Review: Every Reason We Shouldn’t by Sara Fujimura

Rating: 2 out of 5.

Thanks to NetGalley and Tor Teen for the ARC. All opinions expressed are my own.

Title: Every Reason We Shouldn’t

Author: Sara Fujimura

Publication Date: March 3, 2020

Publisher: Tor Teen

Genre: Contemporary

Age Range: YA

Synopsis: Sixteen-year-old figure skater Olivia Kennedy’s Olympic dreams have ended. She’s bitter, but enjoying life as a regular teenager instead of trying to live up to expectations of being the daughter of Olympians Michael Kennedy and Midori Nakashima…until Jonah Choi starts training at her family’s struggling rink.

Jonah’s driven, talented, going for the Olympics in speed skating, completely annoying… and totally gorgeous. Between teasing Jonah, helping her best friend try out for roller derby, figuring out life as a normal teen and keeping the family business running, Olivia’s got her hands full. But will rivalry bring her closer to Jonah, or drive them apart?

When I first found Every Reason We Shouldn’t, I thought Yes! A good ol’ Asian Ice Princess. And in some ways, this was exactly that. Olivia is “washed up” at 15, wants to feel the passion for skating the way she used to, you know, the works. Then, Jonah comes around with his gold medals and strict hard-boiled-egg-eating training regimen, and in short it lights a fire under her ass. Although there were some good pockets of comedy and the pressure to be #1 (especially as an Asian American), I was overall kinda disappointed.

I loved Mack as a side character, and Olivia and Jonah definitely had some real blush-worthy moments, but I found myself bored in the moments in between. The major themes that I could personally latch onto were Olivia’s internalized pressure of proving her worth (to herself, her parents, and everyone who knows her story), the added disappointment of parents who just don’t pay attention, and what we have to be willing to sacrifice to look out for #1. The bones were there, but there were a lot of parts that seemed thrown together.

At one point, the school goes into a lockdown and everyone is freaking out, but 1. it’s not clear just what is happening, 2. Jonah uses that to say “I love you” for the first time (through text – very normal) and 3. the situation as a whole is used to show that Olivia’s parents are just sorta absent. I see how this is meant to be a vessel for continuing development of relationships and such, but it felt so random, and unfortunately, not believable.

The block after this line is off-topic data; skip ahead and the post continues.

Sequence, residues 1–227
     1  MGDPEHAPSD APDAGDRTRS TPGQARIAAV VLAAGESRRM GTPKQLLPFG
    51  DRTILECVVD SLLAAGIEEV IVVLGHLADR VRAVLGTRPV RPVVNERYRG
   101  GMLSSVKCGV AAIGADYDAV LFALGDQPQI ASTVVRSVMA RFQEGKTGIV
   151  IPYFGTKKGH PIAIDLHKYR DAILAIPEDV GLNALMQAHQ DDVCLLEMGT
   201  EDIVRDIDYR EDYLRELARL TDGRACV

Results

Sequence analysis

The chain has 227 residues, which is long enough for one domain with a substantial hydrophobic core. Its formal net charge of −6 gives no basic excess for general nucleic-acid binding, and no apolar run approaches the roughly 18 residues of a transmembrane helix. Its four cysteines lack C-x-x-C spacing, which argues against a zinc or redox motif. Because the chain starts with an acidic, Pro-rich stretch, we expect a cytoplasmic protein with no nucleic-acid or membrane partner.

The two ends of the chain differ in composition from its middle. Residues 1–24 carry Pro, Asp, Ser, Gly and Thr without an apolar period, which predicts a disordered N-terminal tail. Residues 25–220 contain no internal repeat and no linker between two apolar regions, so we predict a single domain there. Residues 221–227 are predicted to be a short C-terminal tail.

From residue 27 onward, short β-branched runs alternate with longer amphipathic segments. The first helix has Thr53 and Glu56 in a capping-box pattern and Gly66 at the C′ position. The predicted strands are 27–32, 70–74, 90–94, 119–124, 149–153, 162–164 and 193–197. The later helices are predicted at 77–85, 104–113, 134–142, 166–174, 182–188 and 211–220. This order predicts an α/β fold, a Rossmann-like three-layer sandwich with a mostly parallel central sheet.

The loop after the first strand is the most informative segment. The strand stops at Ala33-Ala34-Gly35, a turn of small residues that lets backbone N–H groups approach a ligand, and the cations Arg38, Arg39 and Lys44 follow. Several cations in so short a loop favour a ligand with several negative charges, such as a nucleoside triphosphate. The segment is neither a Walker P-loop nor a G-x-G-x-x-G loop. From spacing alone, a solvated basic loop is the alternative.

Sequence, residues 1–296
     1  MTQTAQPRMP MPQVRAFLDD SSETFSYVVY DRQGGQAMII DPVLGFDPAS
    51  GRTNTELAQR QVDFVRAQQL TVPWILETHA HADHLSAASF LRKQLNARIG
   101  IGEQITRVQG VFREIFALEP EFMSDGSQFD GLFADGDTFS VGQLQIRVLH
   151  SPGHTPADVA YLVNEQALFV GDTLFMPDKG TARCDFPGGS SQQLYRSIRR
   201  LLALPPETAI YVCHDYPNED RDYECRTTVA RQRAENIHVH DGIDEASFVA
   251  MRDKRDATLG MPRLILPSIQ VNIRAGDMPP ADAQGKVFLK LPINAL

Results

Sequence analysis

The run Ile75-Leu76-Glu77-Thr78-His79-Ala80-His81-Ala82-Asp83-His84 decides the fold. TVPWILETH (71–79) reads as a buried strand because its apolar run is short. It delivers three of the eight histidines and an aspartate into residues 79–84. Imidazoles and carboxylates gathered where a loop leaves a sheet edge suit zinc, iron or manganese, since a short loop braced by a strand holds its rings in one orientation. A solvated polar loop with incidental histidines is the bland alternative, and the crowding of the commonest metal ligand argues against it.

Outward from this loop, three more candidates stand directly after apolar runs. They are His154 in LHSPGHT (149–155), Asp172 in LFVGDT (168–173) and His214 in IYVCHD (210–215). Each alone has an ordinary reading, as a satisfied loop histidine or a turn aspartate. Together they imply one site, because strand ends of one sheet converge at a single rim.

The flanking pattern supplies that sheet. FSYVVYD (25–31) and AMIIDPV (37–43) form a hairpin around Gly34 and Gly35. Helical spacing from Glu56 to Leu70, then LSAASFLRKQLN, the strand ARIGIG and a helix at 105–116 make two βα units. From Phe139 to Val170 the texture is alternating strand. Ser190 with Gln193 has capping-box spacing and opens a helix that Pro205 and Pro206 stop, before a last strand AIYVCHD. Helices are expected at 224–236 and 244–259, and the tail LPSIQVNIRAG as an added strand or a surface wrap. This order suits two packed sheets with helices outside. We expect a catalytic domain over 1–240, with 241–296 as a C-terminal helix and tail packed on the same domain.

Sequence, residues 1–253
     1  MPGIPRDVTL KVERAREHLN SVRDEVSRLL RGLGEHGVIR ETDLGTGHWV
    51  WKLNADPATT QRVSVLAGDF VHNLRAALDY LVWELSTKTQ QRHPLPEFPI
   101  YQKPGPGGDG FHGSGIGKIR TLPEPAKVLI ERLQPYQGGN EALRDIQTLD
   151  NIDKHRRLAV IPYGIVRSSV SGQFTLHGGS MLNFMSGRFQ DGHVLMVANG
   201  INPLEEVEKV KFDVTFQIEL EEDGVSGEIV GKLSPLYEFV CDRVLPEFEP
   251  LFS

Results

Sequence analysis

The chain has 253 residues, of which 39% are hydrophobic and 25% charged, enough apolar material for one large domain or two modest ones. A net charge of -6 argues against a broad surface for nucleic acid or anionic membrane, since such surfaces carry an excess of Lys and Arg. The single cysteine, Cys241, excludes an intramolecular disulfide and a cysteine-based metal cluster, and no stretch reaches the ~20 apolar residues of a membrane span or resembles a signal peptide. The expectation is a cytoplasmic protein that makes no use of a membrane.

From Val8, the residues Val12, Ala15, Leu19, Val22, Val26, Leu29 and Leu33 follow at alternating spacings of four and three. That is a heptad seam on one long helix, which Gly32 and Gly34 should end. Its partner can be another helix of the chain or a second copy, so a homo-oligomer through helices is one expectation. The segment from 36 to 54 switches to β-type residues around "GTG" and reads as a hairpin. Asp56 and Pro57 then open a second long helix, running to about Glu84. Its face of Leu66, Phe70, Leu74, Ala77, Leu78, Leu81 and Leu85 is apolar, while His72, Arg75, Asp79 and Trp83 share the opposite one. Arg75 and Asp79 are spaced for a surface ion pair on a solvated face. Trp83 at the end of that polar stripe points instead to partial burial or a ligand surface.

One of the other things that I felt kind of iffy about was the representation. Yes, almost (if not all) of Olivia’s friends at school are Asian. Yes, they are “those kids” who do homework at lunch and stress themselves out about extracurricular activities for the sake of college applications. There were a few mentions of Korean and Japanese food, and I appreciated the discussion about the Asian-American familial expectations and stereotypes, but that’s exactly what it felt like, and I can’t say I loved it? Don’t get me wrong, it was funny as hell when both Olivia and Jonah wore make up and had to take it off before they went home, and the microaggression of having your last name mispronounced and having all the White kids make fun. I just think there were a few missed opportunities, especially with Olivia being half White herself.

I definitely didn’t hate it; there were some things that made me smile and kept me reading. And I felt sort of indifferent while reading, and I was reading just to read (and I’m stubborn and feel the need to finish everything I start), which isn’t necessarily a bad thing, but it’s not the reaction I wanted to have. I’m currently reading an amazing nonfiction book about an Asian-American identity (which may be featured on the blog, so keep an eye out!) and I think that may fill some of what I was missing from Every Reason We Shouldn’t.

If you’re still in the mood for some sassy ice skaters, you can add Every Reason We Shouldn’t on Goodreads! Coming out tomorrow!

Now, onto every reason I shouldn’t do my homework for tomorrow, and with love,

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